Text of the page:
Friday, June 19, 2009

The Sacred Heart

Today is the Solemnity of the Sacred Heart of Jesus - which really is nothing more than a feast day to remember that "God is Love". [1John 4:16] I ought to quote something from Fr. Jaki's book on the Litany of the Sacred Heart, which points out how important this devotion is - or should be. He reveals that Pope Leo XIII considered that the consecration of the world to the Sacred Heart was "the most important action" of his papacy - which is saying quite a bit. But I cannot give you all the relevant excerpts just now - I would be quoting the whole book!

Instead, I will give you another quote, which Fr. Jaki references several times - it took a bit of hunting to find a use where he gave the annotation, and it is this, from one of his most recent books:
If it were not for the usual closeness of March 25 to the Holy Week, it might not be impracticable to make the Visitation the octave of Annunciation. This would provide another stunning seal of the Church's respect for any and all foetus as a truly human being. But even as it stands, the Feast of the Visitation powerfully translates the principle of legem credendi lex statuat supplicandi and should thereby serve as a strong guidance in an agonizing confrontation. Of course, what happened at the Annunciation is a far greater fact than the visit made in virtue of the fact. But the actual human recognition of that fact came only with the visitation of Christ to John the Baptist, the visit of the Creator become-a-mere-fetus to the greatest of mere human fetuses ever alive in a woman's womb.
[SLJ The Ethical Foundations of Bioethics 134]
Father Jaki gives the translation and source of this Latin formula,
legem credendi lex statuat supplicandi
in footnote 4 of chapter 11:
"Let the law of prayer determine the law of belief," or Saint Prosper's of Aquitaine famous "practical" defense of the true doctrine of grace against the semi-Pelagians.
[Ibid. 136]
Here it needs to be recalled that
As a mammalian embryo advances through the stages characterized by cleavage, morula, blastocyst and germ layers, it satisfies all its metabolic needs by simple, diffusive interchanges with the fluid medium in which it is immersed. But as the embryo continues to gain size and begins to take form, a functioning circulatory system becomes necessary in order to make use of the required food and oxygen obtainable from the mother's blood. Hence it is that the heart and blood vessels are the first organ system to reach a functional state.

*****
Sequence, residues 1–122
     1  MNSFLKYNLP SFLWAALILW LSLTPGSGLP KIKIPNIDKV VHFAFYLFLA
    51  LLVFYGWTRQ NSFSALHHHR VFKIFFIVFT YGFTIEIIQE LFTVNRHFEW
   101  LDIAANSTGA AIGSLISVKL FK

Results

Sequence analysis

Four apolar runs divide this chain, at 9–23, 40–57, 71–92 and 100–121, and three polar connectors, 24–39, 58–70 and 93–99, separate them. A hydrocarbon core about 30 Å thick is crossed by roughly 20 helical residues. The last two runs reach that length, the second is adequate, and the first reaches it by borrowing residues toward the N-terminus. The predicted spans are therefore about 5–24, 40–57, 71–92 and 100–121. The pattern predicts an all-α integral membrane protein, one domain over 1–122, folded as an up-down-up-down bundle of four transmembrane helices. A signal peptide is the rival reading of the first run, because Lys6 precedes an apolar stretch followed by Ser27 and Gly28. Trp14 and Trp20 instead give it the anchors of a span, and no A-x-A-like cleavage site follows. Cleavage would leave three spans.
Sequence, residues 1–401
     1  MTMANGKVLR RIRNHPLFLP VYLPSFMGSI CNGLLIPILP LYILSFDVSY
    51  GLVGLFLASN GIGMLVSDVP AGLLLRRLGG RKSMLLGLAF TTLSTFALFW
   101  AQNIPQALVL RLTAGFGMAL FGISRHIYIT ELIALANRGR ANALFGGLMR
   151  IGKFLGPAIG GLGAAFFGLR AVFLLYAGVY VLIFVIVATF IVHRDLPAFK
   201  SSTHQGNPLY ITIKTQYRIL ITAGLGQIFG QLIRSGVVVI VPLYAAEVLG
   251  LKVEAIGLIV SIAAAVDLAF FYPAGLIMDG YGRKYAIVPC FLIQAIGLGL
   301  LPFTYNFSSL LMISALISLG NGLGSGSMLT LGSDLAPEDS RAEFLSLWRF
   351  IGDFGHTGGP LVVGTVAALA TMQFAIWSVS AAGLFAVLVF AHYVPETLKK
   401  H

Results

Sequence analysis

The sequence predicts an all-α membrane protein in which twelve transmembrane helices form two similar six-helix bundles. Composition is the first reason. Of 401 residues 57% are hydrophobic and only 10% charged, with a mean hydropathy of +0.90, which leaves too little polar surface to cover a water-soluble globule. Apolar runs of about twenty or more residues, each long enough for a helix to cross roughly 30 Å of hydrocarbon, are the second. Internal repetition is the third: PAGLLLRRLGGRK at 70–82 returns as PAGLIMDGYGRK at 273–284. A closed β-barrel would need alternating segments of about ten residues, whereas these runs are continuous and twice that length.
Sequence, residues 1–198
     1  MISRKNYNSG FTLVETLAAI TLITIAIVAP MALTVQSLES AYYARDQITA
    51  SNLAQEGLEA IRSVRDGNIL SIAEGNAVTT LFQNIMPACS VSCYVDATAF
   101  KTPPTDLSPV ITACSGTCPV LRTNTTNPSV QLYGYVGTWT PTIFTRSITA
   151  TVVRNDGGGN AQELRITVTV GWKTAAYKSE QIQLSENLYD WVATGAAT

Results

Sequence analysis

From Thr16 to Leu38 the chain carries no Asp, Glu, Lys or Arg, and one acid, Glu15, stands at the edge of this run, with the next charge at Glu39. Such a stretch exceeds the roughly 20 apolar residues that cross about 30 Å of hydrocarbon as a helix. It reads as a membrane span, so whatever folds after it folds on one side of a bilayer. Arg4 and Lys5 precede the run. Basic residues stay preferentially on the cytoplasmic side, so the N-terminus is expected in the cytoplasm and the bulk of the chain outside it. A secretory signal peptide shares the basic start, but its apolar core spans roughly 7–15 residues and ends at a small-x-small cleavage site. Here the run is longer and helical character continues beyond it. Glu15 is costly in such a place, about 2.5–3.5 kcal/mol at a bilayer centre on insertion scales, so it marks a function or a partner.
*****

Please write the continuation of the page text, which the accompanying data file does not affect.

[Arey, Developmental Anatomy 375]
As important as this is, I wish to suggest a larger - hence a Chestertonian - study for us to consider today, yetone which unites these two thoughts in that most loving heart of our Lord:
We have all heard people say a hundred times over, for they seem never to tire of saying it, that the Jesus of the New Testament is indeed a most merciful and humane lover of humanity, but that the Church has hidden this human character in repellent dogmas and stiffened it with ecclesiastical terrors until it has taken on an inhuman character. This is, I venture to repeat, very nearly the reverse of the truth. The truth is that it is the image of Christ in the churches that is almost entirely mild and merciful. It is the image of Christ in the Gospels that is a good many other things as well. The figure in the Gospels does indeed utter in words of almost heartbreaking beauty his pity for our broken hearts. But they are very far from being the only sort of words that he utters. Nevertheless they are almost the only kind of words that the Church in its popular imagery ever represents him as uttering. That popular imagery is inspired by a perfectly sound popular instinct. The mass of the poor are broken, and the mass of the people are poor, and for the mass of mankind the main thing is to carry the conviction of the incredible compassion of God. But nobody with his eyes open [See OrthodoxyCW1:336] can doubt that it is chiefly this idea of compassion that the popular machinery of the Church does seek to carry. The popular imagery carries a great deal to excess the sentiment of "Gentle Jesus, meek and mild." It is the first thing that the outsider feels and criticises in a Pieta or a shrine of the Sacred Heart. As I say, while the art may be insufficient, I am not sure that the instinct is unsound. In any case, there is something appalling, something that makes the blood run cold, in the idea of having a statue of Christ in wrath. There is something insupportable even to the imagination in the idea of turning the corner of a street or coming out into the spaces of a market-place, to meet the petrifying petrifaction of that figure as it turned upon a generation of vipers [Mt 23:33], or that face as it looked at the face of a hypocrite [Mt 15:7]. The Church can reasonably be justified therefore if she turns the most merciful face or aspect towards men; but it is certainly the most merciful aspect that she does turn.
[GKC The Everlasting Man CW2:319-30]

Sacred Heart of Jesus, in Whom are all the treasures of wisdom and knowledge, have mercy on us. [See Col 2:3]


Post a Comment

<< Home